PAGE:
This is Biscuit. She is a joy-bringer. She comes to see us almost every Monday at after school club to encourage the kids to exercise and be active. When the weather permits, kids can take turns holding her leash (and they all get “squirrel training,” because Biscuit loves to chase squirrels) and walking with her around the neighborhood, the riverfront, or the park across the street from the church.
One of the things Biscuit is good at is making kids feel welcomed and loved. And the kids in our program are always glad to do the same for her.
Biscuit belongs to Cindy, Riley, and Adam and today she was wearing this hat. We’re taking pictures of the kids for special parent gifts, and she didn’t want to miss out, so we got her posing by the tree, too.
May the God of steadfastness and encouragement grant you to live in harmony with one another, in accordance with Christ Jesus,Â so that together you may with one voice glorify the God and Father of our Lord Jesus Christ.Â Welcome one another, therefore, just as Christ has welcomed you, for the glory of God. Romans 15:5-7
I decided that the tall children’s Christmas tree will no longer reside on bare tile in the alcove of our gymnasium, but that I would move it to one of the classrooms–the one with the purple walls, because Advent. Doing this meant that I had to move a table and some other small furniture and items. It means that the elementary class that meets in that room will have a little less floor space. It means that the candy canes and ornaments will distract from any lessons to be done in that room–whether at after school club, in Sunday School, or during Children’s Church.
It also means that I can put the church’s expansive collection of children’s Christmas books under the tree for kids to read. I had the idea for that the other day and yesterday afternoon I was surprised and thrilled when I walked into the room to find three of our after school ministry kids gathered near the tree and quietly reading “Rudolph the Red-Nosed Reindeer” and “The Night Before Christmas.”
I think over all, we are all going to be glad we made room for the tall tree in the children’s classroom.
He was in the world, and the world came into being through him; yet the world did not know him. He came to what was his own, and his own people did not accept him. But to all who received him, who believed in his name, he gave power to become children of God, who were born, not of blood or of the will of the flesh or of the will of man, but of God.
Â And the Word became flesh and lived among us, and we have seen his glory, the glory as of a fatherâ€™s only son, full of grace and truth. (John testified to him and cried out, â€˜This was he of whom I said, â€œHe who comes after me ranks ahead of me because he was before me.â€ â€™) From his fullness we have all received, grace upon grace. The law indeed was given through Moses; grace and truth came through Jesus Christ. No one has ever seen God. It is God the only Son, who is close to the Fatherâ€™s heart, who has made him known. John 1:10-18
Advent invites us to make room. Traditions and trappings of the season demand our attention. Retail and decorations, baking and parties seek our time. We are easily distracted, easily swept up into the commercial reasons for the season, and we easily forget to make room and wait for the one whose birth started all of this.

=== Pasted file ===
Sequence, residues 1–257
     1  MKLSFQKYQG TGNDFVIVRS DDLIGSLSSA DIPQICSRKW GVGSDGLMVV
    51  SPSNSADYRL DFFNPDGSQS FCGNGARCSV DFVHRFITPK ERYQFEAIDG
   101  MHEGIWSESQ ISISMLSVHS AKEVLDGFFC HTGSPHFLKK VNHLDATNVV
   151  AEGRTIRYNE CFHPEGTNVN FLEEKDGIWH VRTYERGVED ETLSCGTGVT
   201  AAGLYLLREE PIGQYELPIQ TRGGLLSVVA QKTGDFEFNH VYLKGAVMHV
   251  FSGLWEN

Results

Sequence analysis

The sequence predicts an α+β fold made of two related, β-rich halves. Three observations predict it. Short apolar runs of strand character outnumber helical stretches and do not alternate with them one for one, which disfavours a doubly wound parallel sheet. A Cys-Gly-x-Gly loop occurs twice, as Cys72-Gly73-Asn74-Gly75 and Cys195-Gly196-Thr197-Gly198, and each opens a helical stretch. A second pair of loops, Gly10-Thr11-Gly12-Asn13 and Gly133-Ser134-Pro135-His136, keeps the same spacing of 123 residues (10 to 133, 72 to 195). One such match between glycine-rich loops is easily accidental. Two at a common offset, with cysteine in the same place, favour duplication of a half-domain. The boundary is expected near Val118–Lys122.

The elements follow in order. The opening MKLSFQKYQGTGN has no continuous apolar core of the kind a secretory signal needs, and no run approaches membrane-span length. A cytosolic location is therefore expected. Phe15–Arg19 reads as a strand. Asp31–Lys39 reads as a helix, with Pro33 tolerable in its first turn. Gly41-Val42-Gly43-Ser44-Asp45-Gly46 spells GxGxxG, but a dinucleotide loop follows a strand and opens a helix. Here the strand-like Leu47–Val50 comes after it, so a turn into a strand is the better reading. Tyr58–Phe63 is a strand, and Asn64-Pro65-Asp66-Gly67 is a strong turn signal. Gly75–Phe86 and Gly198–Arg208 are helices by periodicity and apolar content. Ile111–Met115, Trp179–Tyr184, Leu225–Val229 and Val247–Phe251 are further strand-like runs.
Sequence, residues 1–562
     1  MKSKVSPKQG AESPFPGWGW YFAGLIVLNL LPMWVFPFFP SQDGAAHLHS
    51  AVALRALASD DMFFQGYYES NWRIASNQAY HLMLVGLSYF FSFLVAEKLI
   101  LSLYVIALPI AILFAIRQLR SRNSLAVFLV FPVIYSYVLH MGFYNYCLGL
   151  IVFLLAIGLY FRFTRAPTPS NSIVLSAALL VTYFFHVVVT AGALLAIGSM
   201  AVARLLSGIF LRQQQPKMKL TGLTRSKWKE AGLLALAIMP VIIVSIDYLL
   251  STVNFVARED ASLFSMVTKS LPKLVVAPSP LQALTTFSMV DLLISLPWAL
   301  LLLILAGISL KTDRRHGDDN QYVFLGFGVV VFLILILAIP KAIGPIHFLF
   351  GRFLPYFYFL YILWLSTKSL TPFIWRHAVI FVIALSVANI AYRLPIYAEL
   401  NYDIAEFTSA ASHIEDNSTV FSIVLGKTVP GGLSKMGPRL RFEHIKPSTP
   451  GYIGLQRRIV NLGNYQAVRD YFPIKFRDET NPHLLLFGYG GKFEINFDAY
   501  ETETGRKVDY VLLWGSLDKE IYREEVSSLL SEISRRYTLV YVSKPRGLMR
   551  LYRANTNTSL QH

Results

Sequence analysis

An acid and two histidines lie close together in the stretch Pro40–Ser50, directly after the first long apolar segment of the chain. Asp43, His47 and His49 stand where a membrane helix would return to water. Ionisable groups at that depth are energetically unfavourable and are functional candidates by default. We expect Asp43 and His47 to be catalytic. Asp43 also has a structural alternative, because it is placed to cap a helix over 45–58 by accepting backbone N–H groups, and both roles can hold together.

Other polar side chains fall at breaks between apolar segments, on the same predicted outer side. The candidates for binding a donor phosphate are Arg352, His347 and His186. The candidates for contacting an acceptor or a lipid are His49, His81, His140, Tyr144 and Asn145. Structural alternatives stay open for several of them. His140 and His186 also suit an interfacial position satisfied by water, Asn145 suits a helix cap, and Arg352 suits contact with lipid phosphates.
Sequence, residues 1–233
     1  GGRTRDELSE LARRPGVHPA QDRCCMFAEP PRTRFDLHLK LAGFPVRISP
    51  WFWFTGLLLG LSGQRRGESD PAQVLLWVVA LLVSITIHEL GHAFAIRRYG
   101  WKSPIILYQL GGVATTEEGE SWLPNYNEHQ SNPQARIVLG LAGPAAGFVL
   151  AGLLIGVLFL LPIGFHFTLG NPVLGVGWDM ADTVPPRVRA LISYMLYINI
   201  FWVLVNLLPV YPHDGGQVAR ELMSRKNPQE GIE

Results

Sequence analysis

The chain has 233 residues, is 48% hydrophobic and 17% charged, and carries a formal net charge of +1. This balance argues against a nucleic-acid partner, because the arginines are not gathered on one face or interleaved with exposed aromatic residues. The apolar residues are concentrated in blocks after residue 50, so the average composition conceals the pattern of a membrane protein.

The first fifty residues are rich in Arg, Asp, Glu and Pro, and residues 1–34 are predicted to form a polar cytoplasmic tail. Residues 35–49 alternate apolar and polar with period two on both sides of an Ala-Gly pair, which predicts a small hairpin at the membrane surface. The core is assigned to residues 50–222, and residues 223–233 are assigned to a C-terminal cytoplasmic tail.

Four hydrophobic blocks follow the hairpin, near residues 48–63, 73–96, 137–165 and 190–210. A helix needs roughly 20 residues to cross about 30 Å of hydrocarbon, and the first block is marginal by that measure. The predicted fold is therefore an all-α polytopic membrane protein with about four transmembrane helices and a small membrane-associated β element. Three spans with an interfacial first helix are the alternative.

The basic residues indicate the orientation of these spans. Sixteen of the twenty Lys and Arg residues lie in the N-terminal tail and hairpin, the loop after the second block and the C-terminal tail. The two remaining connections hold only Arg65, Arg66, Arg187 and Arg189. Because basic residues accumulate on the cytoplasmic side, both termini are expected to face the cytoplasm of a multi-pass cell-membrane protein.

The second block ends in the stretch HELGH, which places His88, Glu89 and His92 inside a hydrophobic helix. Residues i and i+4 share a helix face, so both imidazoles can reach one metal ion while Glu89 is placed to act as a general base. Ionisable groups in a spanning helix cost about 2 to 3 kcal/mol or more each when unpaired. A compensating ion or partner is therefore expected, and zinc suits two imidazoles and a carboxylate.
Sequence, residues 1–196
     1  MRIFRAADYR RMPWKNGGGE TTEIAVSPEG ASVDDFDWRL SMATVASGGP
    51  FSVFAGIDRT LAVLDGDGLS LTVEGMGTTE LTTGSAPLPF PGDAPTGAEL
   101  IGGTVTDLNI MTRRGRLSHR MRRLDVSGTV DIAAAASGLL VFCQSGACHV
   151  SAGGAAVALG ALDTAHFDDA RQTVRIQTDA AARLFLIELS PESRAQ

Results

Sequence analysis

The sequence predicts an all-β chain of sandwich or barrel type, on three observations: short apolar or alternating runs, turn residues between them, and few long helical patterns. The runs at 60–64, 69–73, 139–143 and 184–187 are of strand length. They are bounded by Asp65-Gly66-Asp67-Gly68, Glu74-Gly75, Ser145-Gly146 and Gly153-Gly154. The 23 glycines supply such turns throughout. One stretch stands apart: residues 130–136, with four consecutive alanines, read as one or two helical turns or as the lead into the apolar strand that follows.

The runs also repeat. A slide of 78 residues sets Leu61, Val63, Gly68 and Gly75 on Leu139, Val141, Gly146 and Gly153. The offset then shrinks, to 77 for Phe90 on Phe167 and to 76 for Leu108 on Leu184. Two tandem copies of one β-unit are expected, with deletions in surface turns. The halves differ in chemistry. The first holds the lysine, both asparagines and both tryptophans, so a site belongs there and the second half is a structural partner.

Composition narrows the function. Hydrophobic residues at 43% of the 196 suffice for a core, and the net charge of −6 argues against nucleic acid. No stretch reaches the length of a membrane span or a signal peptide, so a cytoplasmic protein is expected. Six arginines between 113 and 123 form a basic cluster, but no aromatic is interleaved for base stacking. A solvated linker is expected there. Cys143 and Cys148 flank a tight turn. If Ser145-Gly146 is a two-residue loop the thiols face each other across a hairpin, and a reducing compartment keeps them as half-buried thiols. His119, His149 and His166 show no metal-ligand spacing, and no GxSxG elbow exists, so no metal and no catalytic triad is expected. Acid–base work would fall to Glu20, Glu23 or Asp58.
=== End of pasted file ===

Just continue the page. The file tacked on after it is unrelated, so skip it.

The Word becomes flesh and dwells among us. He takes up space, he disrupts our plans, he causesÂ us to rearrange the furniture. But if we are willing to make the room, we’ll be surprised and thrilled by the goodness he brings.
And, hey, if you happen to be in or around the Presbyterian Church in downtown Henderson, feel free to drop in and read a book by the children’s tree. It’s a good way to stop and make some room in your busy Advent schedule for rest and reflection.
Today is Maundy Thursday. In my congregation, we worship together on this night and read the passage from John 13 where Jesus washes the feet of the disciples. We sing hymns and share the Lord’s Supper.
Tonight, I sat in the front row of the sanctuary because I was the liturgist for the worship service. A little girl who comes to our after school program and often shares meals and worships with us sat next to me.
There was something about sitting next to her in a communion service that may forever alter the way I take communion.
She walked into the sanctuary and was constantly aware that there was bread on the table. She gestured at it with exclamation when she sat down.
During the first hymn, she leaned forward and studied it.
While the pastor read from the Bible, she followed along with me in my Bible, pointing at the table as the table was mentioned in Scripture.
Throughout the service she would look at me pointedly and then indicate the bread on the table, with a questioning look on her face. I would show her where we currently were in the bulletin and then point to the word “communion.”
As the pastor preached, he talked about the Bread and the Cup and she made a fanfare gesture with her arms. It was my turn to look at her inquisitively. “I just want to make sure everyone knows what he’s talking about,” she assured me.
As the pastor moved to the table, she stood to her feet and all but took a starter’s position, ready to race to the table as soon as she got the go ahead. She shifted anxiously on her feet as Rich read and prayed and broke and elevated the elements.
When he invited people forward, she was standing toe to toe with him before he even finished the sentence, looking up at him, waiting for him to share the bread with her.
Some in the sanctuary tonight might think that my young friend does not have the proper regard or understanding of the Lord’s Supper.
I think she might understand it better than the rest of us do.